Big Deals in Higher Ed

The Institute for the Wireless Internet of Things (WIoT) at Northeastern University announces the establishment of an Open Testing and Integration Center (OTIC) in Burlington, MA, to promote research, development, and testing of next-generation Open Radio Access Networks (Open RAN). The new OTIC within the Open6G hub will be a resource for industry, academia, and the federal government to provide testing, certification, and badging capabilities to guarantee multi-vendor interoperability, perform compliance and performance testing, and validate end-to-end control logic; as well as test artificial intelligence (AI) and machine learning (ML) algorithms to control open and programmable cellular networks.

The new Northeastern OTIC builds on facilities and capabilities available in the Open6G center, which will be expanded with dedicated testing equipment. Key capabilities include: 

  • Large-scale Experimental Wireless Testbeds – Colosseum, funded by the National Science Foundation, is the world’s largest wireless network emulator, with 256 software-defined radios and 25 server racks equipped with programmable GPUs, FPGAs, and orchestration tools. Colosseum has hosted demonstrations of closed-loop control with xApps in O-RAN using the OpenRAN Gym framework, large-scale data collection for AI/ML training, and extensive testing of commercial radios and emulated devices. Arena is the over-the-air complement to Colosseum, which hosts a first-of-its-kind fully automated private 5G network
  • FCC Innovation Zone – The OTIC is part of a Federal Communications Commission (FCC) Innovation Zone, which covers multiple 5G bands in the Northeastern University campuses in Boston and Burlington, MA. This allows over-the-air testing of O-RAN systems in a variety of different environments. 
  • Diverse 5G RAN Deployments: The OTIC encompasses multiple 5G RAN deployments, including commercial/proprietary as well as Open RAN products such as 5G User Equipment (UE), core networks, and a programmable 5G O-RAN testbed with over 10 base stations in the indoor Arena testbed. This extensive infrastructure facilitates testing and integration of xApps and rApps against various RAN implementations in emulated and over-the-air environments.  
  • Specialized Testing Facilities: The OTIC is co-located with a large outdoor unmanned aerial vehicle (UAV) testing facility to explore use cases related to drone mobility and with an anechoic chamber designed to conduct interference-free radio device testing. 

The Northeastern OTIC has been launched in partnership with AT&T, Verizon, and DISH. The WIoT industry consortium, which has been supporting this effort, counts about 20 vendors, operators, over-the-top system integrators, and small businesses in the telecom space. …Read More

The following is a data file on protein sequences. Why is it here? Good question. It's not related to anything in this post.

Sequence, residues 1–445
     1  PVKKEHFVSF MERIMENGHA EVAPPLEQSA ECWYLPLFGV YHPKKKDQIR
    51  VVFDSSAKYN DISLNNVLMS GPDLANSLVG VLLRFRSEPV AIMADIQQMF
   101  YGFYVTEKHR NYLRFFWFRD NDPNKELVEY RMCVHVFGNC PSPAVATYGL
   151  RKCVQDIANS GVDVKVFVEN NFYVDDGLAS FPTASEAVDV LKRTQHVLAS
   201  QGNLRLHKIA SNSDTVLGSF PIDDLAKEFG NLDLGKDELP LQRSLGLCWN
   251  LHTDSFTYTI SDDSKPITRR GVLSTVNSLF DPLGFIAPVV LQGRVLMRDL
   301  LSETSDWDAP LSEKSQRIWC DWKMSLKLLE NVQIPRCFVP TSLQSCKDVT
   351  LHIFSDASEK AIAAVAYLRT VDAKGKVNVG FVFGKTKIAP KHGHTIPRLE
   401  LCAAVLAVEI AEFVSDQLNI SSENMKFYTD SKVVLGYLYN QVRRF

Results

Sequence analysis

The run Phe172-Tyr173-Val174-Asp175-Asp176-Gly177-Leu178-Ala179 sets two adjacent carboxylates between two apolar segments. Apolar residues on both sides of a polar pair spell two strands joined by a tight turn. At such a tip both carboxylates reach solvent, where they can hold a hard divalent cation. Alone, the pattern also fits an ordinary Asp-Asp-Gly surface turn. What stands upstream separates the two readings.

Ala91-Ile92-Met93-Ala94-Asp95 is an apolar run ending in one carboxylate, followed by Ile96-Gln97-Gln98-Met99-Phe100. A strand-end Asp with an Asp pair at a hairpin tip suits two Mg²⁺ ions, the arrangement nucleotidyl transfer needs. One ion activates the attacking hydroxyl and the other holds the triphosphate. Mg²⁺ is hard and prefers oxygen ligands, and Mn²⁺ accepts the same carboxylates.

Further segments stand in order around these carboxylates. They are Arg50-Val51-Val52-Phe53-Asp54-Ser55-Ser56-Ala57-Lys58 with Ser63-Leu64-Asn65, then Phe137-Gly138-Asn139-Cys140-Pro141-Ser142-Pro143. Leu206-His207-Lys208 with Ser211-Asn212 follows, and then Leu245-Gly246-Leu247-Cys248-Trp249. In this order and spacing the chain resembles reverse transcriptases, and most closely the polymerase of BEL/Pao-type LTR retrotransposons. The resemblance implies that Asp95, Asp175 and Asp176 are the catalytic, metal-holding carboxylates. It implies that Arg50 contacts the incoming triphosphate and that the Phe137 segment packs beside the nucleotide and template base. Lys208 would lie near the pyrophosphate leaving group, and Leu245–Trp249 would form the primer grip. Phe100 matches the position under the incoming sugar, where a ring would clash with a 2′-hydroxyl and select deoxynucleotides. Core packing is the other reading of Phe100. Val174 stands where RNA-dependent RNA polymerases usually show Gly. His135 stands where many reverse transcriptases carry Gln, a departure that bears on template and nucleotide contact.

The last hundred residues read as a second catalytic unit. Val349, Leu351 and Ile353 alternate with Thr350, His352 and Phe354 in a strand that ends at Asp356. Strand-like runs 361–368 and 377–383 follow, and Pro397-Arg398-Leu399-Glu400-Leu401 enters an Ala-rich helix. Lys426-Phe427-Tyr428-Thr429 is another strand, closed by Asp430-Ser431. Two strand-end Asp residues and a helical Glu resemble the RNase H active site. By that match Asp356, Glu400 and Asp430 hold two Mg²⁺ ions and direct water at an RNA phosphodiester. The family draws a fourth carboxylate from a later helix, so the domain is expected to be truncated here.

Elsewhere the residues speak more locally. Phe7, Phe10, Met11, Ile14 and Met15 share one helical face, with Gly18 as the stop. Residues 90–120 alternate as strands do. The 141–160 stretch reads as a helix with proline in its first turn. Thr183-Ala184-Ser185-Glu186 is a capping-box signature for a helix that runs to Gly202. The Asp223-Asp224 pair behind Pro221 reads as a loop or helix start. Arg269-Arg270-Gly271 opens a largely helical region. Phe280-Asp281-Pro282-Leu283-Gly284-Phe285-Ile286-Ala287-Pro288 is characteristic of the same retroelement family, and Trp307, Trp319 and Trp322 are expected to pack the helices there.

Survey suggests need for campus innovation

Campus leaders must think outside the box to keep U.S. higher education ahead of the rest of the world and also control costs, survey respondents said.

A majority of Americans still believe that college is very or extremely important in order to experience the “American Dream,” according to a national survey that paints a picture of how higher education is viewed today. But 83 percent of respondents also believe that U.S. colleges and universities must “innovate” to remain globally competitive and keep down costs.

Last October, Northeastern University asked FTI Consulting to conduct 1,001 telephone interviews across the country to examine Americans’ views of college today. The survey, “Innovation Imperative: The Future of Higher Education,” revealed that nationally, 70 percent of Americans think that college is either extremely important or very important, and three out of four older Americans think that college degrees are more important today than in previous generations.…Read More

Mass. schools team up for supercomputer center

A 9-acre site will house the supercomputing center.

At a gritty industrial site occupied a century ago by a textile mill, five universities are collaborating to install supercomputers that will recreate the start of the universe and perform other research.

The developers of the Massachusetts Green High Performance Computing Center, which is being built and is expected to be operating by the end of next year, were drawn to Holyoke for the same reason industrialists flocked to the city in the 19th century: cheap water power from the Connecticut River.…Read More

Technology gives engineering programs a real-world impact

Students will use sensors to examine how the Tacony-Palmyra Bridge reacts to daily traffic.
Students will use sensors to examine how the Tacony-Palmyra Bridge is affected by 50,000 daily commuters.

Drexel University engineering student Jeffrey Dowgala says real-time information recorded by electronic sensors has helped him and his classmates understand the many environmental factors that can affect a bridge—an impact impossible to explore in standard textbooks.

Philadelphia-based Drexel and prominent engineering programs at Northeastern University in Boston, Purdue University, and Texas A&M University secured $200,000 from the National Science Foundation last year to use monitoring equipment that shows how a nearby bridge reacts to traffic, heavy vehicles, and weather.…Read More